The second full day of Optum Forum 2016 included deeper dives into Optum solutions in sessions led by Optum experts and clients, in a mix of sessions further exploring health care industry hot topics.
The most talked-about sessions among attendees included discussions on concussion management, the substance abuse crisis, and how workplaces are trying to build new cultures of health by bringing together industry leaders and clients in engaging dialogue and sharing insights.
Population health & the pursuit of value-based care
The transformation of health care includes a shift to value-based care; ensuring people get the best, most effective care possible. Success in this transition requires collaboration across all health care stakeholders, from people to providers to employers.
In today’s sessions around population health, Optum clients shared how they have established workplaces focused on maximizing health. They included concrete goals of making it easy for employees to manage their health and access benefit and care information, such as having a single point of contact for benefit information. They also discussed the recent Optum Wellness in the Workplace study, trends on employer wellness programs and the need for relevancy when it comes to workplace incentives for healthy behaviors.
From the provider side, the topic turned to managing episodes of care with Cleveland Clinic’s Monica Deadwiler, who shared her organization’s approach to bundled payments. Establishing the care model first and then determining your bundled payments structure will lead to successful financial results and improved outcomes. The Cleveland Clinic’s promise to patients: “We will deliver all the care needed to get you through your entire episode of care.”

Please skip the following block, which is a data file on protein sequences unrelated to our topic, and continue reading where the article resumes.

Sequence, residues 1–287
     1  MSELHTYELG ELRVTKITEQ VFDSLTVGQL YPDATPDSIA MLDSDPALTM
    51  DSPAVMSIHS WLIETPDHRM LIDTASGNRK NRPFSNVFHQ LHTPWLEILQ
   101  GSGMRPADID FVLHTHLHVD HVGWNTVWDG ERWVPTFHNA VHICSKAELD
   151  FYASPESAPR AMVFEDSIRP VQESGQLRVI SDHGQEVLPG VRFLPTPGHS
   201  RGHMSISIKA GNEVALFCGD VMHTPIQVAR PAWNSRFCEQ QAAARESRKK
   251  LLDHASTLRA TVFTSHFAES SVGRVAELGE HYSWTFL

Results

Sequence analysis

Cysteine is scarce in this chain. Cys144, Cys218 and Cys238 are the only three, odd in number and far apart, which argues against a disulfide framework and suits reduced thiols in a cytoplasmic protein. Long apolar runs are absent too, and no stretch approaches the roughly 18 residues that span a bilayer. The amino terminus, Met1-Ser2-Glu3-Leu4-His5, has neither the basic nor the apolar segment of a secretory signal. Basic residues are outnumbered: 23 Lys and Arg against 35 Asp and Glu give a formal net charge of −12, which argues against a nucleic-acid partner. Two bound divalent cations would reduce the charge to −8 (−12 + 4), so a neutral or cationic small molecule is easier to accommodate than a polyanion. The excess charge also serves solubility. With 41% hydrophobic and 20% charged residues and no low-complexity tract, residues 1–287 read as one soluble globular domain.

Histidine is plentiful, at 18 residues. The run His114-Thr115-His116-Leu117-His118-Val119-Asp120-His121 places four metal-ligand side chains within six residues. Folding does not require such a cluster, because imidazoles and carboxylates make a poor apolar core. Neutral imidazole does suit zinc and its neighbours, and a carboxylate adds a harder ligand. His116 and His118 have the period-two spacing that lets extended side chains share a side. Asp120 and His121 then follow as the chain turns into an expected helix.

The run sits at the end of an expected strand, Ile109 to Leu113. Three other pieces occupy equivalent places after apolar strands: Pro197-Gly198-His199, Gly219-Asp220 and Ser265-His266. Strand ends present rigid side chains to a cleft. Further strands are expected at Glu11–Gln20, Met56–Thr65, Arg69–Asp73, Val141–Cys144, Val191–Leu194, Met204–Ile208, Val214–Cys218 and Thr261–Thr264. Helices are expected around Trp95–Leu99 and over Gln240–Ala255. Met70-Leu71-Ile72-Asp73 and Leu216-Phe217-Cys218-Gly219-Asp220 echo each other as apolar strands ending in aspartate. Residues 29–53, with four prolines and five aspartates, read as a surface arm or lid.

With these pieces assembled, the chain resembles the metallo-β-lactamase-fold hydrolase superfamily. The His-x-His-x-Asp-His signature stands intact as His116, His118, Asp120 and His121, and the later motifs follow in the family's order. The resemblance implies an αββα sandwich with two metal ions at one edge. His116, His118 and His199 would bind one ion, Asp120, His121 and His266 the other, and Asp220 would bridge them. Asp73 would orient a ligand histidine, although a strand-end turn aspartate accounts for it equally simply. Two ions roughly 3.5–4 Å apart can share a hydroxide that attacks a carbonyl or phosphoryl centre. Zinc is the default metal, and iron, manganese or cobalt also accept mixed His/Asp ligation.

Improving quality and reducing cost
OptumRx Chief Pharmacy Officer David Calabrese, RPh, discussed the opioid epidemic we are currently facing in the US. “We are in the midst of an amazing crisis, unlike any other epidemic we have faced. It doesn’t discriminate by race, ethnicity or where you live, or any other demographic measure,” Calabrese said.
What makes this epidemic most unique, he said, is the fact that this is the first in the US that has been brought about almost exclusively by the well-intentioned but misguided efforts of the health care system. With the annual US societal costs of prescription opiate abuse at $56 billion, opiates are now the leading cause of accidental death in the US.
“Optum is uniquely positioned to lead in this area to not only contribute but to pave new paths and lead in this area,” Calabrese said.
Diving into another important area of quality improvement and cost reduction, Tony Strickland, MS, PhD, FNAN, discussed the rise of concussions and need to understand how to best treat the injured. He stressed that it’s never been safer to play sports, and that individuals who play sports have significantly reduced levels of dysmorphia and anxiety and significantly increased levels of self-confidence and discipline. But recent media attention on concussions has “fanned the flames of hysteria,” said Strickland.
A number of risk factors, including age, gender and comorbid conditions add variability to concussion management. With 3.4 million patients in need of concussion care per year, estimated expenses currently average $5.4 billion. Emergency room physicians and urgent care centers need to be armed acutely to care for concussed patients.
A diverse panel of industry experts from Optum, Walgreen Co. and AON discussed horizontal and vertical integration trends within health care. The speakers discussed the current state of consolidation within payers, hospital systems, pharmaceutical companies and pharmacies; and some of the drivers of those consolidations. As health care becomes more industrialized, market consolidations will continue to occur.
Friday brings the final lineup of conversation and education for the conference. Join in the conversation by following #OptumForum16 at @Optum.